Houthis release 76 men in exchange for 118 freed by pro-government fighters in Taiz following mediation by local tribes.
One of the largest prisoner swaps has taken place in Yemen's Taiz between pro-government fighters and Houthi rebels following mediation by local tribes.
Abdullatif al-Muradi, a tribal chief, said on Saturday that government forces, who control Taiz, released 118 prisoners, while Houthis freed 76.
Pro-government officials in Taiz confirmed the exchange.
The deal took place separately from the negotiations taking place in Kuwait since nine weeks ago to end the conflict which began in March last year.
Just hours before the prisoner exchange, the rebels rained rocket fire on several parts of Taiz, residents said.
There was also heavy fighting for the town of Kirsh, on the main highway to Taiz from the southern port city of Aden, where the government of President Abd-Rabbu Mansour Hadi is based.
An Arab-led coalition assembled by Saudi Arabia began a military campaign in Yemen in March last year with the aim of preventing the Iran-allied Houthi rebels and forces loyal to Ali Abdullah Saleh, the deposed president, from taking power.
Despite the military intervention, the Houthi rebels and their allies still control the capital, Sanaa, and most of the central and northern highlands, as well as the Red Sea coast.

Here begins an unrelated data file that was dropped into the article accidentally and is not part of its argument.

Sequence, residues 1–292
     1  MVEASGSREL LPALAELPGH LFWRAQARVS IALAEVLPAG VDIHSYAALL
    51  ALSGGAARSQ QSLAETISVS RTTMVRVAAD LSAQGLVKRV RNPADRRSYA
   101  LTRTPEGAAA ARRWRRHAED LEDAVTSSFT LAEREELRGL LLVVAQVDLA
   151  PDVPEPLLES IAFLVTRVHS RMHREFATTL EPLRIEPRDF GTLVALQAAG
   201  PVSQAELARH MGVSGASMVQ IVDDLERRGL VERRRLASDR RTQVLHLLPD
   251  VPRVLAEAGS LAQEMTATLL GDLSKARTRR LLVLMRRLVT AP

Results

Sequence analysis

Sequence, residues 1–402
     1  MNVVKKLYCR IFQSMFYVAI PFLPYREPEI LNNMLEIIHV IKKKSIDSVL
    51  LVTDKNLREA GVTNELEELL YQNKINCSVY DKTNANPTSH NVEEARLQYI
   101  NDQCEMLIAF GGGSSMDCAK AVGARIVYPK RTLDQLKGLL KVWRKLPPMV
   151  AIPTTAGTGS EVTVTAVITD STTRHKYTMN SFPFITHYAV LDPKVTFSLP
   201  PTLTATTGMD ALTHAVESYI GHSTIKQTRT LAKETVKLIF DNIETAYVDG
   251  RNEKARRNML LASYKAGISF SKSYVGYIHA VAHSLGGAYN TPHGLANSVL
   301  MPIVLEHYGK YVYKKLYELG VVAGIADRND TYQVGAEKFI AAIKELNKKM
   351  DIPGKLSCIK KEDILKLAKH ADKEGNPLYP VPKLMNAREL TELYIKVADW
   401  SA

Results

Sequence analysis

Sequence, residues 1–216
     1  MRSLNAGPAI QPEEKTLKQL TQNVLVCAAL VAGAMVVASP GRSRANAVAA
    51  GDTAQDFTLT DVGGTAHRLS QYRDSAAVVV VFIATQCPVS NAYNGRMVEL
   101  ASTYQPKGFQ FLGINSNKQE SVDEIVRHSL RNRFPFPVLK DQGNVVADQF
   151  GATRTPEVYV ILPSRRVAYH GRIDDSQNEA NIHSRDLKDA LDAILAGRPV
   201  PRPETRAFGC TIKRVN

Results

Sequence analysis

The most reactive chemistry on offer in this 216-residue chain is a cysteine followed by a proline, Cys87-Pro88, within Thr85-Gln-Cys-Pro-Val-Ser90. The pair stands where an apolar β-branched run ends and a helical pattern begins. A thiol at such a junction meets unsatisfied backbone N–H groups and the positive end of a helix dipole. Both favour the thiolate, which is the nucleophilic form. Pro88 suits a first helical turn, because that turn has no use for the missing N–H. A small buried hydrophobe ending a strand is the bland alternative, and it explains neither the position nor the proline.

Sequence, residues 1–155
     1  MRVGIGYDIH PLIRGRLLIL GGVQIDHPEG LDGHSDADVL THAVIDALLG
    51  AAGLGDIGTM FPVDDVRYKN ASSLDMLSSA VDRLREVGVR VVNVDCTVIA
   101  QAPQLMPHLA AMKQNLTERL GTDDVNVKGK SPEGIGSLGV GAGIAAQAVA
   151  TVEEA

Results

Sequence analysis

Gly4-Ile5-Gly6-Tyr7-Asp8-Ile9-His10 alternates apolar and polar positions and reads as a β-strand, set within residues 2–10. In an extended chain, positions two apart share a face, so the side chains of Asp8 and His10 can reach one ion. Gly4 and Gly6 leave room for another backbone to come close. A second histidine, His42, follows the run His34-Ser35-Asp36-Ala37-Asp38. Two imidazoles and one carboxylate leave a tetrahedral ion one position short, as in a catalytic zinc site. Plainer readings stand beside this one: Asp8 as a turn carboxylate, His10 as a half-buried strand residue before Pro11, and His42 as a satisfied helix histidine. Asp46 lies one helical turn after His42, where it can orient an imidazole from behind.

Adel al-Jubeir, the Saudi foreign minister, said on Thursday the kingdom now wants to prioritise fighting the Islamic State of Iraq and the Levant (ISIL) and other armed groups in Yemen over its battle with the Houthis.
Armed groups gained ground in Aden since forces loyal to Hadi, backed by the Arab coalition, drove Houthi rebels and their allies out of the city in July last year.
The conflict between those two sides created a power vacuum that was exploited by al-Qaeda and allied groups.
Both al-Qaeda and ISIL, also known as ISIS, have carried out past bombings against the Houthis, whose faith they regard as here.
Over the past two months, however, government and coalition forces have hit back, driving the fighters out of Aden, as well as Mukalla, the capital of Hadramawt province.
More than 6,400 people have been killed in Yemen since the intervention began, the majority of them civilians, according to UN figures. The fighting has also driven 2.8 million people from their homes.
More than 14 million Yemenis, more than half of the country's population, are in need of emergency food and life-saving assistance, according to a report this month by the UN and the Yemeni government.
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|Allen L. Jasson|